There are many incredible day trips from Rome and you can easily leave the city and feel you are a world apart from it.
Rome, the Eternal City, is fantastic place: a perfect mixture of historic and archeological sites, beautiful churches, museums and art galleries, lively vibe, delicious food and fun nightlife. However, it can get overwhelming: traffic, noise, crowds of tourists – after a few of days there, you’ll probably need a change of scenery.
The good news is that Rome is so centrally located in Italy, and so well connected, that you can easily get out of it even just for a day. Continue reading for the most interesting places you can visit on day trips from Rome. I’ll start with the closest ones to the capital.
The Best Day Trips From Rome
This definitely is one of the nicest day trips from Rome. Ostia is connected to the city via the Appian Way. Located only 30 km (18.6 miles) from Rome, this town used to be the commercial port of the Eternal City. Facing the sea, it was here that goods were stored and then shipped to Ancient Rome via the Tiber river.
At its peak – between the 1st and the 5th century BC – Ostia got to count around 100,000 inhabitants – it was actually twice bigger than Pompeii. It was also a very wealthy city, with many villas and residential areas for its rich inhabitants. There were shops, taverns and temples, a political forum, an amphitheater and thermal baths. A walk along the main street of the site – the ancient Decumanus Maximus – will provide many a wow. Make sure to spot the ancient theater and the mosaics inside the Baths of Neptune!
HOW TO GET THERE: You can get to Ostia by train from Roma Porta San Paolo Station towards Roma-Lido. The trip takes around 40 minutes. You can use your Roma Pass to hop on the train. For a more in depth visit of the site, you could consider joining a guided tour. Click here for more information.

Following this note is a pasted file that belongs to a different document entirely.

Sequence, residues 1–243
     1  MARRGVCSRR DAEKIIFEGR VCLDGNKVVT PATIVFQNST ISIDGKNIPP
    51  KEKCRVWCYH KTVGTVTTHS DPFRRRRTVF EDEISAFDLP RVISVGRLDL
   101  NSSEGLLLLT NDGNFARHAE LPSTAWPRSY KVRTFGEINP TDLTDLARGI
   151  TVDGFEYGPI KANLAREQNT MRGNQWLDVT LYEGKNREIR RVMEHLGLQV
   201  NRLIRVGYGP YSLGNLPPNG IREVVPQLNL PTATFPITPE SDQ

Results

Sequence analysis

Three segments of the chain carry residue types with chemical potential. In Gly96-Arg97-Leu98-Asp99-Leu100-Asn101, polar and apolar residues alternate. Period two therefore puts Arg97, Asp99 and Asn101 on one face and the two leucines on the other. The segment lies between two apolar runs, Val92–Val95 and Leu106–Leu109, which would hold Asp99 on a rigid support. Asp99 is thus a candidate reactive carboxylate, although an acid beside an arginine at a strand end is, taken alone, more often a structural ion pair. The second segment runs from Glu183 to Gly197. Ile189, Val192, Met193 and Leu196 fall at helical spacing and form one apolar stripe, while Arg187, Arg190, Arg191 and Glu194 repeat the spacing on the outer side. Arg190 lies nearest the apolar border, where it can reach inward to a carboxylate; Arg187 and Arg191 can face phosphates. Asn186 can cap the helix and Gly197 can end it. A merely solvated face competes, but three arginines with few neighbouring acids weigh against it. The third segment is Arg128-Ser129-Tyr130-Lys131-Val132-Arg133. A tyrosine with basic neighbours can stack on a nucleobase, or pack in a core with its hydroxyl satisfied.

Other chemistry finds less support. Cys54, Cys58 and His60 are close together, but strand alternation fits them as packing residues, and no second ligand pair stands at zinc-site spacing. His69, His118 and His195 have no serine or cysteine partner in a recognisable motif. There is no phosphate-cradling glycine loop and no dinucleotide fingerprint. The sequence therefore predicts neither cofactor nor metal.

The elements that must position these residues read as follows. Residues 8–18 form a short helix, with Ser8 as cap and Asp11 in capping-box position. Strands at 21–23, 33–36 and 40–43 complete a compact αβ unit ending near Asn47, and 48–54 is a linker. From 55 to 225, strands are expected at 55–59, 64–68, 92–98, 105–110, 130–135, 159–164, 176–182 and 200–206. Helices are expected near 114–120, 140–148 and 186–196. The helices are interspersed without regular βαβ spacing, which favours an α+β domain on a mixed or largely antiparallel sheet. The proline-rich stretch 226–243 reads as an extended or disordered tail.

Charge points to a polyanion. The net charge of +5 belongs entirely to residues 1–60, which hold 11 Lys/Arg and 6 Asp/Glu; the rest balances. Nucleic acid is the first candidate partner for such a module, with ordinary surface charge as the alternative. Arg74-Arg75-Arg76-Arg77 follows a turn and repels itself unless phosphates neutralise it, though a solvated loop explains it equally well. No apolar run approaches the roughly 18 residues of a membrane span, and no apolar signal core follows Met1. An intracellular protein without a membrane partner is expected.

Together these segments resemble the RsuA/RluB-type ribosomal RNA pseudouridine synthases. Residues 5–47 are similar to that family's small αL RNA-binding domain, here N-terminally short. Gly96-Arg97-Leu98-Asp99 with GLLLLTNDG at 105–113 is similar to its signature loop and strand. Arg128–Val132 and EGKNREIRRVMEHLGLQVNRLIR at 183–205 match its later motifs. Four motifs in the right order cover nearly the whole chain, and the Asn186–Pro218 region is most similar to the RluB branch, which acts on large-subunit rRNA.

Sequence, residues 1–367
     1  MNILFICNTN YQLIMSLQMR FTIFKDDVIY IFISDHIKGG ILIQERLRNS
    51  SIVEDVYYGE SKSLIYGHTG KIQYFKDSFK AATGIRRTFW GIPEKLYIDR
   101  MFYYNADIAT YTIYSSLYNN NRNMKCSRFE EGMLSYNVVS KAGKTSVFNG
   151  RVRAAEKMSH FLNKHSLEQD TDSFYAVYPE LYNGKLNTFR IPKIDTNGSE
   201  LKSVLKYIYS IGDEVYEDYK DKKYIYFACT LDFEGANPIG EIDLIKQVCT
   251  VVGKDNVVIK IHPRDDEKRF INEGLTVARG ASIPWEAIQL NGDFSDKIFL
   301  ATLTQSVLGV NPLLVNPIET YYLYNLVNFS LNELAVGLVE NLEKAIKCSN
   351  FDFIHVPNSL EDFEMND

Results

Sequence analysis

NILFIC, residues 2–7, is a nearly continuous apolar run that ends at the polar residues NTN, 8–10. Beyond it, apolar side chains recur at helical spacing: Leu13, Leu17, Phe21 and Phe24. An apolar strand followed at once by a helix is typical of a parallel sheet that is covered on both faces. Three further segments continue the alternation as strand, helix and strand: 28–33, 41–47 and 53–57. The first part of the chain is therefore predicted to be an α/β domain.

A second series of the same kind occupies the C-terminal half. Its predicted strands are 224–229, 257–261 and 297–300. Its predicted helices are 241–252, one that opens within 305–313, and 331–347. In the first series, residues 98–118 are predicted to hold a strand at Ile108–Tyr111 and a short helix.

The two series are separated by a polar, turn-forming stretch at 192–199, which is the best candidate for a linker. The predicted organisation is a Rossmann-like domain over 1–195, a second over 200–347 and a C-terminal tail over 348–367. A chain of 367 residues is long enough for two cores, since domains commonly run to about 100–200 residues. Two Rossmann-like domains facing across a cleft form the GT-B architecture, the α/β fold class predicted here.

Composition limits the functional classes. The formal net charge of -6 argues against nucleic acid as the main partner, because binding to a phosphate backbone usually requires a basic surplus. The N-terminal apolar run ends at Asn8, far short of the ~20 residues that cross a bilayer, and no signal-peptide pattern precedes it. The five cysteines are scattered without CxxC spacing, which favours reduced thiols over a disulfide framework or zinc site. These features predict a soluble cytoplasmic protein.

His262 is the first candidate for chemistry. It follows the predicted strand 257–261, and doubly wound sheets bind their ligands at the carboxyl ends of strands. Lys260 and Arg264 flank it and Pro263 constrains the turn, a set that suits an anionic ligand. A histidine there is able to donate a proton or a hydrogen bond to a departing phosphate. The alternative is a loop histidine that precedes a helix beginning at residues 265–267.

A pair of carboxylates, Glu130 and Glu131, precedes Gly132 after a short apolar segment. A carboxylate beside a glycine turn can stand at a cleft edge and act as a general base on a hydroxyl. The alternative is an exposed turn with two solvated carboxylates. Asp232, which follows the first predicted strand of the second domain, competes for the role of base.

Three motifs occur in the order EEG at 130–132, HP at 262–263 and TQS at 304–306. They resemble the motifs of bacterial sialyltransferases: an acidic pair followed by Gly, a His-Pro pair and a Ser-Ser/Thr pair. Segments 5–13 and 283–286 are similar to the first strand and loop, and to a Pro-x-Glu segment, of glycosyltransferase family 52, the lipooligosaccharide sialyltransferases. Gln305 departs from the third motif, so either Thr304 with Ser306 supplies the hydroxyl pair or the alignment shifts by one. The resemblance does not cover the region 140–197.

I’ve already mentioned Ostia Antica among the most popular day trips from Rome, but this lovely coastal town is the perfect place to visit if you need for a dip in the sea, too – and you can combine visiting the archeological site with something more relaxing. The beach lacks the charm of those in Sardinia, but you will find lots of good restaurants serving seafood, plenty of places to rent umbrellas and – if you are tired of basking in the sun – a nice center with Art Nouveau buildings,.
HOW TO GET THERE: Trains to Ostia run from Roma Ostiense Station – you can use your Rome City Pass to get there. The journey takes around 30 minutes. You can check the train timetable and buy train tickets here.
Hadrian’s Villa and Villa d’Este, Tivoli
Tivoli is home to two of the best preserved Roman villas – Hadrian’s Villa and Villa d’Este. These are some of the nicest places for day trips from Rome and truly a must-visit.
The first was built in the 2nd century by Emperor Hadrian. It was so grand that in his final years he decided to make it his official residence; and it was so large that it was more like a village proper. Now a UNESCO World Heritage Site, despite the passing of time it is in incredible conditions and inside you’ll find the remains of temples, palaces, libraries and barracks. You’ll also be able to enjoy the gorgeous park around it.
Villa d’Este, where the son of Lucrezia Borgia used to live, is a 16th century villa with beautiful gardens complete with some of the prettiest fountains and waterfalls in the area of Rome.
GOOD TO KNOW: Another place you may want to check out in Tivoli is the Villa Gregoriana, a beautiful park at the foot of the acropolis that was commissioned by Pope Gregory XVI around 1834.
HOW TO GET THERE: Trains to Tivoli leave from Rome Tiburtina station and take you there in less than one hour. Guided tours usually include a visit of both villas and admission tickets. For more information click here.